What is the 'Mass of Light'?

So I went online to try to find mp3 versions of the hymns we sing at Mass, and it seems as if there are multiple ways to sing certain hymns (you know, same words, different tune). It seems as if my parish follows the Mass of Light versions of the hymns.

So… is like the Mass of Light like a sub-type of the OF Mass? What is the Mass of Light?

It’s a Mass setting of the Ordinary of the Mass (Gloria, Sanctus, Memorial Acclamation, Amen and Agnus Dei). Bear in mind that the sung prayers of the Mass are not merely hymns and that these (the ones named in parenthesis) need to match the official texts of the Church word for word. This was stipulated in Liturgiam Authenticam (2001) and again, by the Congregation for Divine Worship and the Discipline of the Sacraments (2008) when it released the new English translation of the Mass.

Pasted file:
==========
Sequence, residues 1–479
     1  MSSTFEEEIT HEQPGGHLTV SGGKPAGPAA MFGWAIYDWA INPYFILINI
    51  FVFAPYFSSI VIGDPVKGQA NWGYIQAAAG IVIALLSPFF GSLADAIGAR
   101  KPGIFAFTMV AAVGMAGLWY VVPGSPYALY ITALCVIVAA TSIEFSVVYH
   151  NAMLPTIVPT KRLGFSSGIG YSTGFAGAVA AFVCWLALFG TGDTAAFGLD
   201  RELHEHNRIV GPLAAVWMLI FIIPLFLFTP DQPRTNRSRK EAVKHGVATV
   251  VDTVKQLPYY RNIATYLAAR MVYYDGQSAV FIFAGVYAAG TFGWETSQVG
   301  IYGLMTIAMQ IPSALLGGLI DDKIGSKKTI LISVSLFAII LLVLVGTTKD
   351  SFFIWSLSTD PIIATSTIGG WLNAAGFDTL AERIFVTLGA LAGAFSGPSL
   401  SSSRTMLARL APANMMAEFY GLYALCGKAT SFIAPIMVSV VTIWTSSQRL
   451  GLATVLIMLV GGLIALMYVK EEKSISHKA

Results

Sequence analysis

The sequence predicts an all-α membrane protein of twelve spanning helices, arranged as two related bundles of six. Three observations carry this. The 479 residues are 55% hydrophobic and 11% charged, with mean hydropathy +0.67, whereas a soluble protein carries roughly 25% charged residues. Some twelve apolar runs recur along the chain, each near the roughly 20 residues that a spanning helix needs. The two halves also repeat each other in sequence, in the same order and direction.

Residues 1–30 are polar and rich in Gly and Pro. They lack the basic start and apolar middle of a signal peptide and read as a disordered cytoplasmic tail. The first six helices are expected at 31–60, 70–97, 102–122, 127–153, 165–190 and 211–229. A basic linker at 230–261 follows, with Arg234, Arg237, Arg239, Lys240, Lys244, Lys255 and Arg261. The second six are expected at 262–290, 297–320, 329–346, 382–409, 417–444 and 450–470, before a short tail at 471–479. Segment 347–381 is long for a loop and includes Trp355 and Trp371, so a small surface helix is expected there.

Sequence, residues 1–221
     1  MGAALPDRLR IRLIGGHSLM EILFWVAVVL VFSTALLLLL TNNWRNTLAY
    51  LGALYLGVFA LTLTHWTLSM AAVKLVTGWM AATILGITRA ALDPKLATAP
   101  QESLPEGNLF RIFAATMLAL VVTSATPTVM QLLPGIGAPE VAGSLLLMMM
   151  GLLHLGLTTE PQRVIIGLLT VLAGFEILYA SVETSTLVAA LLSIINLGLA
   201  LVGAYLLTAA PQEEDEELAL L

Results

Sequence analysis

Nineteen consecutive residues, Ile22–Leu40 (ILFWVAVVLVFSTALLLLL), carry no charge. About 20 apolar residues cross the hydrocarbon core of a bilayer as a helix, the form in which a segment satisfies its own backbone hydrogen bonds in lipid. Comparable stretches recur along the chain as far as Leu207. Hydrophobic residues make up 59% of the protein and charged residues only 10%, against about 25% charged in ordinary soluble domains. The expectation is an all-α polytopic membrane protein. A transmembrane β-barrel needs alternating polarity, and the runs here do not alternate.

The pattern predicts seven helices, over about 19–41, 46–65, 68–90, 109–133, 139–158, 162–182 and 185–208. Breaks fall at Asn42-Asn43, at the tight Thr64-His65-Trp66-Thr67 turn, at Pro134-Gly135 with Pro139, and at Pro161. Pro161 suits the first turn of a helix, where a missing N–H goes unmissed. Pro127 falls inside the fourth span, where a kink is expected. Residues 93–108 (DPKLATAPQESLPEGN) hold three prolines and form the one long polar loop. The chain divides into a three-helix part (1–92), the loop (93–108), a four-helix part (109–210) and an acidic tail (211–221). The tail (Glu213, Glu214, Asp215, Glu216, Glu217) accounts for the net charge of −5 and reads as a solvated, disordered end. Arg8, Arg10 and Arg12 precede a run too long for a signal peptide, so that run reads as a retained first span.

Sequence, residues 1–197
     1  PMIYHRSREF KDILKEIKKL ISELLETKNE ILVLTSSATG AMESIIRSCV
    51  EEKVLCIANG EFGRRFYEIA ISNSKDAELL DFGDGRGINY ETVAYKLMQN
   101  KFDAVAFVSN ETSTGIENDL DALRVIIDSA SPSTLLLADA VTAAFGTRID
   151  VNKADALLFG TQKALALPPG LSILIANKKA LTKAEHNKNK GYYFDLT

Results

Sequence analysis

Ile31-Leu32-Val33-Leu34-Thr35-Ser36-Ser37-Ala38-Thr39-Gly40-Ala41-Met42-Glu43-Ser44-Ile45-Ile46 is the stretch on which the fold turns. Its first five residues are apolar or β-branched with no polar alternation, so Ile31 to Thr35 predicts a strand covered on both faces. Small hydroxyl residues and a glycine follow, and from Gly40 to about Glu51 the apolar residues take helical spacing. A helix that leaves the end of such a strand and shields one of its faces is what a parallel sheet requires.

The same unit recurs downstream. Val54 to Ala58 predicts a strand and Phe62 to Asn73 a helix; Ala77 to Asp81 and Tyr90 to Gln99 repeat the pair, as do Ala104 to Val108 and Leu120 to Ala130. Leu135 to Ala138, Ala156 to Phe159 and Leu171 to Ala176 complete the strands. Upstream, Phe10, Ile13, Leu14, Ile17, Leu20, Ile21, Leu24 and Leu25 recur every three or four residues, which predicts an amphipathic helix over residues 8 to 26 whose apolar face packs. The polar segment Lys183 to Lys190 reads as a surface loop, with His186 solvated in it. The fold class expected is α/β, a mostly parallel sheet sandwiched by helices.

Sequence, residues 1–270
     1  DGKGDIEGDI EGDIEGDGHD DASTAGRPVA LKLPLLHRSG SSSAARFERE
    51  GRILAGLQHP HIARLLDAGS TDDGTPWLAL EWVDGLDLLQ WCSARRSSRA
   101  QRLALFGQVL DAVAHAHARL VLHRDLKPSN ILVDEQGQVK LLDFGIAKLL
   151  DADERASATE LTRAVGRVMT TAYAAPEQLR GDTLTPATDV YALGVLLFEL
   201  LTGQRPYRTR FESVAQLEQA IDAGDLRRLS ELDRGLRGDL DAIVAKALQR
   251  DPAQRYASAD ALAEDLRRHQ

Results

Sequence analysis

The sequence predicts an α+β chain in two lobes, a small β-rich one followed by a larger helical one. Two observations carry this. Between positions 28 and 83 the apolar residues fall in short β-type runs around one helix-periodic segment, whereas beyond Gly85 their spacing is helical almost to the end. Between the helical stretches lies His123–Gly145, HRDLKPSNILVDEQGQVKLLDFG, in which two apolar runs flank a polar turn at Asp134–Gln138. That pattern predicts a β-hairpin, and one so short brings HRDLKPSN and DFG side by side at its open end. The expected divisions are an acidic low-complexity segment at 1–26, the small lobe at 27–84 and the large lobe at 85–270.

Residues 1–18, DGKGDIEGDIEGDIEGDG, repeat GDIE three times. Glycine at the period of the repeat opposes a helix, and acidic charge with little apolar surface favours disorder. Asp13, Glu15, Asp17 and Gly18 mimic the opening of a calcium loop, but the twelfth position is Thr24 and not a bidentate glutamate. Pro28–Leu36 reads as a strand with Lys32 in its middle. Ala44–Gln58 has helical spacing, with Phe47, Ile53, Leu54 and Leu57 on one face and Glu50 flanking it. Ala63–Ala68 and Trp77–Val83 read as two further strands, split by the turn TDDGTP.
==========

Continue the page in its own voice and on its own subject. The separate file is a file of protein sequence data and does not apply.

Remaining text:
I hope this helps.

In case it wasn’t clear from the answer above, anyone can compose a setting of the ordinary of the Mass – those are the parts that generally stay the same from week to week: the Kyrie, Gloria, Sanctus, memorial acclamation, “Great Amen,” etc. A collection of musical versions of those pieces that are intended to go together is what people call a “Mass setting.” But the composer can put any name he likes on it (just like if he wrote a hymn), and the general custom for naming a Mass setting is to call it “Mass of ____” (or in Latin, “Missa ____”). So “Mass of Light” is not a sub-type of the OF Mass, it’s the name a composer chose for his version of the musical settings to certain parts of the Mass.

Does that make sense?

Yes, that makes perfect sense. Thank you.

And while there could be more than one setting titled “the Mass of Light,” the one your parish is probably using is by David Haas. It’s also one of his less objectionable efforts, IMO; I wouldn’t want it at the Mass, but as music, it has a cool Liquid Tension Experiment feel to it.

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